Transvaginal Mesh Injury: Recalls and Lawsuits
Introduced as a means to support the bladder, the FDA approved the first ever transvaginal mesh product in 1996 - the ProteGen® sling by Boston Scientific. The mesh sling was intended to treat stress urinary incontinence, but after hundreds of complaints it was recalled in 1999.
Many manufacturers, following Boston Scientific’s lead, introduced their own version of the transvaginal mesh implant. These mesh implants were introduced as a means of treatment for two common conditions: pelvic organ prolapsed (POP) and stress urinary incontinence (SUI).
- Pelvic organ prolapsed (POP) – results from weak or damaged vaginal walls that allow the organs to fall through the pelvic floor and drop into the vaginal cavity
- Stress urinary incontinence (SUI) – loss of urinary control when pressure on the bladder results from dropping into the vaginal cavity or pressing into other organs
The mesh implants have caused grievous injuries when they eroded through vaginal walls and organs – often within weeks of the original surgery. The erosion can cause pain and infection, urinary problems, organ perforation, bleeding, vaginal scarring and shrinkage among other things. This erosion often requires multiple surgeries to remove the pieces of mesh, and in far too many cases there is no way to remove all of the mesh and undo the harm that has been caused. Complications may be lifelong and debilitating.
After thousands of complaints, only a handful of mesh implants have been recalled by the Food and Drug Administration (FDA). These devices include:
- 1999 - Boston Scientific
- 2012 – C.R. Bard
- Avaulta Plus
- 2012 - Ethicon (Johnson & Johnson)
- Gynecare Prolift Kit
- Gynecare Prolift + M Kit
- Gynecare TVT Secure
- Gynecare Prosima Pelvic Floor Repair System Kit
Many experts maintain that the mesh implants are not safe for transvaginal placement, the products were not properly tested before entering the market, and the manufacturers had a duty to thoroughly test the transvaginal mesh implants prior to marketing them for transvaginal placement. The failure to test prior to marketing has resulted in many manufacturers having lawsuits filed against them. In fact, more than 18,600 lawsuits have been consolidated into five class action lawsuits assigned to Chief Judge Joseph R. Goodwin, in the U.S. District Court for the Southern District of West Virginia.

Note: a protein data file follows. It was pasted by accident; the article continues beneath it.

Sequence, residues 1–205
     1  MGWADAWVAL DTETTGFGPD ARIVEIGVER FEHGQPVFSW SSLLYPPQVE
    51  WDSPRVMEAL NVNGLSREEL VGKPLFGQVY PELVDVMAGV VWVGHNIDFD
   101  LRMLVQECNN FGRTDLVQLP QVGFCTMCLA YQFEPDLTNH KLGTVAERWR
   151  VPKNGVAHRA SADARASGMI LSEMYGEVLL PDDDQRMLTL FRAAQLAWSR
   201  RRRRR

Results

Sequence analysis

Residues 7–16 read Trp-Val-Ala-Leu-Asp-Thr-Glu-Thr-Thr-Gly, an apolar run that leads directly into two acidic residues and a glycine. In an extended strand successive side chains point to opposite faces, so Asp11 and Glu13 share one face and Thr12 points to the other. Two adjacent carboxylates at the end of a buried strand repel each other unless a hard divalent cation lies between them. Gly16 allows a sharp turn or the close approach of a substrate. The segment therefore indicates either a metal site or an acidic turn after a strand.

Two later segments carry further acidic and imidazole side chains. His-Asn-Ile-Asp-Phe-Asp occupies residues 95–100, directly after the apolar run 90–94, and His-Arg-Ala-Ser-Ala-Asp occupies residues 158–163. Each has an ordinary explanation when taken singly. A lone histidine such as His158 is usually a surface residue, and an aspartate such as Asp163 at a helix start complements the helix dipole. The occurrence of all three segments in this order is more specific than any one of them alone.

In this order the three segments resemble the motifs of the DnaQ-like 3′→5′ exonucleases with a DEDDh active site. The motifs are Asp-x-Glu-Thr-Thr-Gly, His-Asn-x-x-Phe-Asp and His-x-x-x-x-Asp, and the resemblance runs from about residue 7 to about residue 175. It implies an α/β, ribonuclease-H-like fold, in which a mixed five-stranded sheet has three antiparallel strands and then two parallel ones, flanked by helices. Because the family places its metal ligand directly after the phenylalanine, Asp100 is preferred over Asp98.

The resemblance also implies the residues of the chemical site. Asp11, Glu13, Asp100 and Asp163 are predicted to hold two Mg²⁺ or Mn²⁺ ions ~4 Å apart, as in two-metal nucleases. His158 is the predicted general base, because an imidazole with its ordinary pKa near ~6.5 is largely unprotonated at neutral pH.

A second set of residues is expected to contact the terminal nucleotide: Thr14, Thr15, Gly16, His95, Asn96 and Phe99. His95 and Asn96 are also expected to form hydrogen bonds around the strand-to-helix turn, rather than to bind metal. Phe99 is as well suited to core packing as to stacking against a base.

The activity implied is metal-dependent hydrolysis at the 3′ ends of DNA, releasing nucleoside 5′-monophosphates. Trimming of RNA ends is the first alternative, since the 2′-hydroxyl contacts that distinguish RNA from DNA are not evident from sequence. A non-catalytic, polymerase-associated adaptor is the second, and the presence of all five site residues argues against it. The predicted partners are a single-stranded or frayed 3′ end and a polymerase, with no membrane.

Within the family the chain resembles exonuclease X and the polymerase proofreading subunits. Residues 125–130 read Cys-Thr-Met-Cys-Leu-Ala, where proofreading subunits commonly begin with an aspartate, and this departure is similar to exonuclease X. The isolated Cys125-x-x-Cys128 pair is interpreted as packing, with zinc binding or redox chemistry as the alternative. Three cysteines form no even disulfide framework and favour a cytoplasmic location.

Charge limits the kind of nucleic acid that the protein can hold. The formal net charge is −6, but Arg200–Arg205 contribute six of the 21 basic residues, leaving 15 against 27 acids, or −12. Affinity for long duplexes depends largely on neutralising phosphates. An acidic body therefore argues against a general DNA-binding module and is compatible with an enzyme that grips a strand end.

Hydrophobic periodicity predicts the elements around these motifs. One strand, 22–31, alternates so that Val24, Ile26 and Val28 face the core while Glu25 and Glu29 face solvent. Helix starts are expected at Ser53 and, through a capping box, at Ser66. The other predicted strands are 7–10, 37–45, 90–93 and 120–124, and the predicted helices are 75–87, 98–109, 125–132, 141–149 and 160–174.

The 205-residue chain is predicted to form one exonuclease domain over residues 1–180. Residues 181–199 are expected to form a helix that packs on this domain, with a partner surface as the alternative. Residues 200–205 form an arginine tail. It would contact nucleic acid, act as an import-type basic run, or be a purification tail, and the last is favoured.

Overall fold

- 6,028 cases filed
- IN RE: American Medical Systems, Pelvic Repair System Products Liability Litigation (MDL – 2325)
- 3,557 cases filed
- IN RE: Boston Scientific Corporation Pelvic Repair System Products Liability Litigation (MDL – 2326)
- 320 cases filed
- IN RE: Coloplast Corporation Pelvic Support Systems Products Liability Litigation (MDL – 2387)
- 2,938 cases filed
- IN RE: C.R. Bard, Inc., Pelvic Repair System Products Liability Litigation (MDL – 2187)
- 5,763 cases filed
- IN RE: Ethicon, Inc., ( a division of Johnson & Johnson) Pelvic Repair System Products Liability Litigation (MDL – 2327)
In addition to the class action lawsuits, many more have been brought on an individual basis against Boston Scientific, Ethicon, AMS and C.R. Bard. Listed below are the totals as of May 2012:
- 529 cases filed against American Medical Systems
- 313 cases filed against Boston Scientific
- 740 cases filed against C.R. Bard
- 457 cases filed against Ethicon (Johnson & Johnson)
If You Have You Been Injured
If you have been a victim of the dangerous side effects of these transvaginal mesh implant devices, the attorneys at Zinda Law Group want to help you. Contact us today to learn how we can help you. Call (800) 863-5312 for a free no-fee consultation and let us help you today.